RĀM RĀI (1646-1687), the elder son of Gurū Har Rāi, Nānak VII, was born to Mātā Sulakkhaṇī at Kīratpur on 11 March 1646. Brought up under the loving care of his parents amid an atmosphere of peace and tranquillity that reigned over Kīratpur, their resort in the Sivāliks, Rām Rāi grew up into a robust youngman, well versed in the sacred lore and in the use of arms.

         During the war of succession fought among the sons of Emperor Shāh Jahān, Prince Dārā Shukoh, defeated in battle and hotly pursued by the victor, Auraṅgzīb, met Gurū Har Rāi at Goindvāl in the last week of June 1658 and sought consolation in his blessing. Reports of the meeting between the Gurū and the fugitive prince were carried to Auraṅgzīb who, after he had established himself securely on the throne, summoned Gurū Har Rāi to meet him. The latter wondered why he had been called to Delhi. To quote Bhāī Santokh Siṅgh, Srī Gur Pratāp Sūraj Granth, he said, "I rule over no territory, I owe the king no taxes, nor do I want anything from him. Of what avail will this meeting be?" He, therefore, deputed Rām Rāi to represent him, giving him the exhortation : "Answer squarely and without fear any questions the Emperor may ask. Exhibit no hesitation. Read the Granth attentively as you make hales on the way. The Gurū will protect you wherever you might be." Accompanied by Dīwān Dargāh Mall and some other Sikhs, Rām Rāi left Kīratpur for Delhi on 30 March 1661.

         Rām Rāi made a very favourable impression on the Emperor by virtue of the many miracles he displayed, but he overreached himself when, to please the Emperor, he deliberately misread one of the verses from the (Gurū) Granth Sāhib and substituted the word beīmān, i.e. faithless, or evil, for Musalmān. The original hymn appearing in Gurū Nānak, Āsā kī Vār, read, "The clay from a Musalmān's grave is kneaded into the potter's lump. It is shaped into vessels and bricks and then burns in the kiln...." The hymn reflects on the essentially conditioned state of man against the mystery and absoluteness of Divine power and on the futility of dividing humanity by rites of cremation or burial (practised by Hindus and Muslims, respectively). Auraṅgzīb and his Muslim advisers, however, equated the burning of a Muslim's remains to eternal damnation of his soul. Hence their objection to the hymn. Bābā Rām Rāi's misquotation satisfied the Emperor but displeased the Sikhs who sent a report to Gurū Har Rāi. The Gurū anathematized Rām Rāi for the sacrilege he had committed in altering what was unalterable and debarred him from his presence. Gurū Har Rāi, before his death on 6 October 1661, chose his younger son, Har Krishan, to be his spiritual successor instead of Rām Rāi.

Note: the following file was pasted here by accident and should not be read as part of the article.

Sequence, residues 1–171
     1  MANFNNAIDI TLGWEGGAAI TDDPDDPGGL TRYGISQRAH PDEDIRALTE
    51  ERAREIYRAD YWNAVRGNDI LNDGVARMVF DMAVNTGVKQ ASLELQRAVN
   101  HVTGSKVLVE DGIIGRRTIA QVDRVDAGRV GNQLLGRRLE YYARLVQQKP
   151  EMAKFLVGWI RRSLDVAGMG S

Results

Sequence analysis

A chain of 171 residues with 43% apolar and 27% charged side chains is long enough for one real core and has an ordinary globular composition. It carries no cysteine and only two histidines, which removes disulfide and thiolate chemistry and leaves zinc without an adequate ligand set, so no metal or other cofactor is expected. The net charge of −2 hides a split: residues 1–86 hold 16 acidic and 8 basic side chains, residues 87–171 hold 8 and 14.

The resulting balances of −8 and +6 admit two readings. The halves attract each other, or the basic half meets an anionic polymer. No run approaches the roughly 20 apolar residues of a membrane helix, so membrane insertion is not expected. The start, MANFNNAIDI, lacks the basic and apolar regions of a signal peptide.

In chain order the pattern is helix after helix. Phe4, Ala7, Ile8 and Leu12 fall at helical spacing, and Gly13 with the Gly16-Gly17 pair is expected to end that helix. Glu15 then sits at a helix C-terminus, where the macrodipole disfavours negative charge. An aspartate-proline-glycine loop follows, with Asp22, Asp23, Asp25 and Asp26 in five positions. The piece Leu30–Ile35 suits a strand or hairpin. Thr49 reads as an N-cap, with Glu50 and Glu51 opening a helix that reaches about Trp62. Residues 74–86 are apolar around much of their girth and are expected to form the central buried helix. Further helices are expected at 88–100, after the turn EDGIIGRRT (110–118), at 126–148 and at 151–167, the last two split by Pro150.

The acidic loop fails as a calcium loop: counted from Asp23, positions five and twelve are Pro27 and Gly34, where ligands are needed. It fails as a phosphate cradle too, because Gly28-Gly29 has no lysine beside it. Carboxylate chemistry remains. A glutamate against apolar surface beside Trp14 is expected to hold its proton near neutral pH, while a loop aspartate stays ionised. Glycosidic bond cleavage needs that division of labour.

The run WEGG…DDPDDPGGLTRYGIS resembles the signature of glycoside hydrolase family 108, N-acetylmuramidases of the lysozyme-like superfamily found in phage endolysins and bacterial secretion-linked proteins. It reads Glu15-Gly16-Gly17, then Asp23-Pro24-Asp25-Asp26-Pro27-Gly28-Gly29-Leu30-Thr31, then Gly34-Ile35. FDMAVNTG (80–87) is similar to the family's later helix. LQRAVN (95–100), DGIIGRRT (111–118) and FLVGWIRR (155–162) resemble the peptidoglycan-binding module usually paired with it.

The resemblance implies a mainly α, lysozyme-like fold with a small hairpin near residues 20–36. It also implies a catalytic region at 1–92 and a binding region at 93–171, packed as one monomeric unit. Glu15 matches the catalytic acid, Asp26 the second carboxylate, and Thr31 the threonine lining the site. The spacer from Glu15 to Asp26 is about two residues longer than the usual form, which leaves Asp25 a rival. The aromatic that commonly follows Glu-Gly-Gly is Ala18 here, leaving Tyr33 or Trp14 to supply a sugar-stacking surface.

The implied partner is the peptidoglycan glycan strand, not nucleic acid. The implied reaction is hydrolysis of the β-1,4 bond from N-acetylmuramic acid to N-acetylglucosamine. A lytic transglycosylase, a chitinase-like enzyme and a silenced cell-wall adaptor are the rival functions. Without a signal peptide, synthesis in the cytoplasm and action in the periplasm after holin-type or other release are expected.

Rām Rāi continued to enjoy imperial patronage. He was granted a jāgīr in the Gaṛhvāl plateau to which he shifted from Delhi establishing a ḍerā or missionary centre in the dūn (valley), wherefrom the place came to be known as Dehrā Dūn. He preached the gospel of Gurū Nānak, but the Sikhs by and large shunned him and his followers, collectively dubbed as Rāmrāīās. Rāmrāīās still form a dissident sect of the Udāsī Sikhs. Rām Rāi met Gurū Gobind Siṅgh during the latter's stay at Pāoṇṭā (1685-88). He died at his ḍerā on 4 September 1687.


  1. Santokh Siṅgh, Bhāī, Srī Gur Pratāp Sūraj Granth. Amritsar, 1927-35
  2. Padam, Piārā Siṅgh, ed., Sau Sākhī. Patiala, 1986
  3. Tejā Siṅgh and Gaṇḍā Siṅgh, Sikh Itihās. Patiala, 1983
  4. Harbans Singh, The Heritage of the Sikhs. Delhi, 1983
  5. Gupta, Hari Ram, History of Sikh Gurus. Delhi, 1973

Gurcharan Siṅgh Anand